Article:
OK . . . Not all churches. But so so so so many. Our church, where David pastors, is amazing with our precious mamas. But we hear, over and over and over and over (big breath) and over and over about churches that re-traumatize victims on a regular basis. And yet these precious former victims keep trying. They keep going back. Why? Because Church should be a place of healing. It should be the haven where we find respite after the storm. It should be. And we want it to be.
There are many reasons why church is (sadly) the last place a victim of abuse finds healing. Women who have been traumatized by abuse and whose husbands consider themselves to be believers in Christ, have most likely been abused spiritually, meaning that Scripture has been used against them to keep them oppressed. (I have mentioned, often, that I consider spiritual abuse to be the most wicked perversion of our Heavenly Father and a perversion that He does not take lightly.) Furthermore, in my experience, most women who have left an abusive relationship and sought healing, find that their core families of origin are dysfunctional, at best, and abusive, at worst. Many of these women have been objectified and de-personalized. She was not seen as a person, growing up, but as something to use to prop up an adult, older sibling or any combination, thereof. Then, she married someone who only wished to dominate her. These precious ladies were not seen as the amazing persons that they are. In short, they have been subjugated. And they are over being subjugated.
One mistake a trauma therapist could easily make is continuing to allow her to feel subjugated. She might believe that subjugating herself is the only way for her to be “loved”. This leads her to trying to please men by being a “trite assistant”, a term I like to use for ladies who are still stuck in man-pleasing. They always offer to do little tasks, watching to see his pleasure in her. (this makes me want to weep) Writes Daniel Shaw, in his academic work, “Traumatic Narcissism: Relational Systems of Subjugation”,
The trauma of unrecognition could lead one to desperately seek connection through subjugation, and self-objectification. Loc. 518
Further, he writes:
A relationship in which one member is expected to change and grow, and the other considers himself exempt from those processes, is a relationship in which the one expected to change is being subjugated, to one degree or another, by the one claiming exemption. Loc. 1198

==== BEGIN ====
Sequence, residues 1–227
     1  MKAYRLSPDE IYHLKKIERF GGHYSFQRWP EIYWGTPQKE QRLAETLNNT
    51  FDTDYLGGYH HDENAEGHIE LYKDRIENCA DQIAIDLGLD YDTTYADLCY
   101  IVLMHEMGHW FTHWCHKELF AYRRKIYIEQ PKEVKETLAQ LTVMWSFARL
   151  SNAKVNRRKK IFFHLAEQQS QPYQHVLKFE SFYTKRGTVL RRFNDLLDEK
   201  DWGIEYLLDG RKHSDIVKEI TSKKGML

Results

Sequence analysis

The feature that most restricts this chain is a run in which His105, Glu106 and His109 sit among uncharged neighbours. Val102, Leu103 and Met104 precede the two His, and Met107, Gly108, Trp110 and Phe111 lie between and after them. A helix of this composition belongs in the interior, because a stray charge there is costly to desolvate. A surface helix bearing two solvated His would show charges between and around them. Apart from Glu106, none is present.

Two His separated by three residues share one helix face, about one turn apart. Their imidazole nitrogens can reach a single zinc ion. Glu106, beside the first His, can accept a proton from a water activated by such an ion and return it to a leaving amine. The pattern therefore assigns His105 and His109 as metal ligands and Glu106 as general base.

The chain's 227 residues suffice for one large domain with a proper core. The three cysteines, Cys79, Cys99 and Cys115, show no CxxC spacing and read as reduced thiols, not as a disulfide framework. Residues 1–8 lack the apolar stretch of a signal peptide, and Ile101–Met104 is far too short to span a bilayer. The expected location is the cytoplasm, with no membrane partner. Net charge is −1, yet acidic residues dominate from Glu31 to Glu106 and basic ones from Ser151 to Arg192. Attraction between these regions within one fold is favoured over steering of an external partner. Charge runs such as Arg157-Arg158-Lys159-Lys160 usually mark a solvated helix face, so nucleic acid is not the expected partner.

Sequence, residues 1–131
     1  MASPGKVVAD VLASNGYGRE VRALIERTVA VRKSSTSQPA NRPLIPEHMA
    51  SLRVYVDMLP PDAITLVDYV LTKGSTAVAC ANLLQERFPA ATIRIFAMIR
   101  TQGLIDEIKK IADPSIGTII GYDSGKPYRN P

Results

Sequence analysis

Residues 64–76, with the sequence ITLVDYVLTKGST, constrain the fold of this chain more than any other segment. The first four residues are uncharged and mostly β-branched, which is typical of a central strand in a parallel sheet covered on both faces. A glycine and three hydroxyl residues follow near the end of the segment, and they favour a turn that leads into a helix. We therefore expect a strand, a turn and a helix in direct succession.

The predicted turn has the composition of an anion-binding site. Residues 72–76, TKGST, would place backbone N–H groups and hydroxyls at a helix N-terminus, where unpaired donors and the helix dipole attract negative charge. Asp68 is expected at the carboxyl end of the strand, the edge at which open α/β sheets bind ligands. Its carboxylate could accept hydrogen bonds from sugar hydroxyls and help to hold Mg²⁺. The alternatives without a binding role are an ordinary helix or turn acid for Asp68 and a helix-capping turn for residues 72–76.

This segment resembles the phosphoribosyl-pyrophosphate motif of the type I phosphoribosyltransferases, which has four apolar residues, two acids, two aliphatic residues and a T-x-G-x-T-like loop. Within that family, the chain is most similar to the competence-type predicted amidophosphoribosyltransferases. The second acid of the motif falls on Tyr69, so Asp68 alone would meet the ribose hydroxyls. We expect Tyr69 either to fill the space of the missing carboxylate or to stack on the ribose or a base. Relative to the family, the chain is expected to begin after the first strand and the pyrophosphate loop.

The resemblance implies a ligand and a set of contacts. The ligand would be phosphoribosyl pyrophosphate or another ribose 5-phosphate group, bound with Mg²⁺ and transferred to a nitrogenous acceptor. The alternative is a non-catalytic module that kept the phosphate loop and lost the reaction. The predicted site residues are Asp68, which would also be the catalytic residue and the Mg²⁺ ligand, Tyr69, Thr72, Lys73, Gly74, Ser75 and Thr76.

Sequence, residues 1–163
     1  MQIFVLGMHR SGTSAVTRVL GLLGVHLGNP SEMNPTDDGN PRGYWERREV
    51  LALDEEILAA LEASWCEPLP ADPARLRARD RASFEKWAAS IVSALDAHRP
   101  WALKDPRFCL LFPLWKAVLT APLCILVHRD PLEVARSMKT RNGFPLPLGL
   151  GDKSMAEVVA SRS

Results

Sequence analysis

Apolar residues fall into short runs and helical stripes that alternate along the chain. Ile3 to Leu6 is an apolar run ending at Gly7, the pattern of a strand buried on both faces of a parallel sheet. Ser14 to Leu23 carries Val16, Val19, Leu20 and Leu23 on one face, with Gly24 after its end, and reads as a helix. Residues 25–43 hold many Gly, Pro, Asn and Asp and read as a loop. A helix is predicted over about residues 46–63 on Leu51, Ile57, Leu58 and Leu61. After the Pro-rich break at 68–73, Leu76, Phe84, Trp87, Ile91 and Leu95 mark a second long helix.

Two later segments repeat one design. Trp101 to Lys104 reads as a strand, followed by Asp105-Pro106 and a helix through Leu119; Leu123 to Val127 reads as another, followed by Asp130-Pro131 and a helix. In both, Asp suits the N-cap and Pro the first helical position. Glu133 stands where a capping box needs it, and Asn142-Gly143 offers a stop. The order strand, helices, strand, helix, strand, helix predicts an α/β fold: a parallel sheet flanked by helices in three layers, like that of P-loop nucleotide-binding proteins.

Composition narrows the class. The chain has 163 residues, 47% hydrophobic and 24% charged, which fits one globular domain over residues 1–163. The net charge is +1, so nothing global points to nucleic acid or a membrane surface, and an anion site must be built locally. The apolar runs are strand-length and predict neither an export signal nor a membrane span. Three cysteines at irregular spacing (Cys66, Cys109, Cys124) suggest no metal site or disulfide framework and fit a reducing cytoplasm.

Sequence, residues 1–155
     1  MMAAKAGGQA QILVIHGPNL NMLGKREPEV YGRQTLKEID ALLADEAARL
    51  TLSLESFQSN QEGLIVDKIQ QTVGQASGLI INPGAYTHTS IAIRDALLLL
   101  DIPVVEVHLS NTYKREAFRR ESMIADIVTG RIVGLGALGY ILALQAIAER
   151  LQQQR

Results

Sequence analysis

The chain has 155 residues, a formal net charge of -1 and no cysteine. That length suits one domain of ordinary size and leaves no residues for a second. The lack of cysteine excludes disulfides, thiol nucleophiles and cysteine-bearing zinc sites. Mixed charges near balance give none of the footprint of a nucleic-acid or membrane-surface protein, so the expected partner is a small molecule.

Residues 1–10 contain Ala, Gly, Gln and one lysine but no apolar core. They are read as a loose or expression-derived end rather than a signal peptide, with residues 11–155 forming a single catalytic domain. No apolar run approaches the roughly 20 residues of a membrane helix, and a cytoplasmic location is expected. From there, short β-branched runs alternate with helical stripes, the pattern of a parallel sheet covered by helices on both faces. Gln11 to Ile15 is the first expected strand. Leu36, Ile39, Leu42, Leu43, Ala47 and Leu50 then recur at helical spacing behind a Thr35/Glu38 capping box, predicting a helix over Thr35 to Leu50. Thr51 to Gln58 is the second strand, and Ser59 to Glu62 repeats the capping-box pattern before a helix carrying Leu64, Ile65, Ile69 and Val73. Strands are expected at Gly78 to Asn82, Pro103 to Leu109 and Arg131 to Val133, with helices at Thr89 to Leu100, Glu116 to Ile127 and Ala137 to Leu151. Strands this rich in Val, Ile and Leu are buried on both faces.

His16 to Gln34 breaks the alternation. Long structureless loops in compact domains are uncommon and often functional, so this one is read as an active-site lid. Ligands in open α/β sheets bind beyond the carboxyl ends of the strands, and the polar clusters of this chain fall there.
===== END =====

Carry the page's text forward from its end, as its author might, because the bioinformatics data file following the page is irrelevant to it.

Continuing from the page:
This means that, if you have a therapist who seems to “know it all”, has swallowed some sort of a magic pill and has arrived and resides in pristine and perfect emotional health, you do not have a good therapist.
But, that is not my main point. My main point is that women who have been victims of abuse and are believers in Christ are seeking and searching for healing. So, where do they go? To church. And they are told that women are to be submissive and that women cannot be in leadership positions and that women need to subject themselves to the authority of church leaders. Re-traumatization, at its finest. So, what do these precious daughters of the King do? Run away. And I don’t blame them. Not one bit.
Out of the frying pan and into the fire.
This just won’t do, Church. It won’t do because it is bad theology, in many many respects. But, it also won’t do because these ladies need healing and, instead of finding compassion, they find re-victimization. And they are afraid to challenge anything because . . . well, where has that ever gotten them, in the past?
So, what is the answer? Mutuality. Being honest. Not acting like a guru to these ladies. Acknowledging fallibility on all of our parts. Not being frustrated when she struggles. Being a safe place where she can say the difficult things that need to be said. These reparative strategies (and, let’s be honest, just being real) can instill hope. I don’t know how many times I have heard something like, “Megan, it is so wonderful to hear that you still struggle with thus and such. You’ve come such a long way. You make me feel like I can get there, too.” We need to create a culture where people can be human. So, super-beautiful in their humanity. A place of healing. A place of recognition.
I recognize you, beautiful daughter of the King, as a person. A person created in the image of God. A person who was knit together in her mother’s womb. A person who has gifts and talents that are unique to you; a person who has a personality and character that is like no one else, in this world. We are not here to use you or to make you subject to us. You are on equal footing with everyone else here — a firstborn in Christ, privy to all of the gifts and inheritance of a firstborn child. You are valuable and you will receive love here . . . not because of what you do, but simply because you ARE.
THAT is where we should be . . . . where I wish we could be. A haven; a home. If Jesus collects our tears in a bottle, should her tears not be precious to us? If Jesus is going to wipe every tear from our eyes, why would we not do the same for our sisters? Lord, make us this. Please.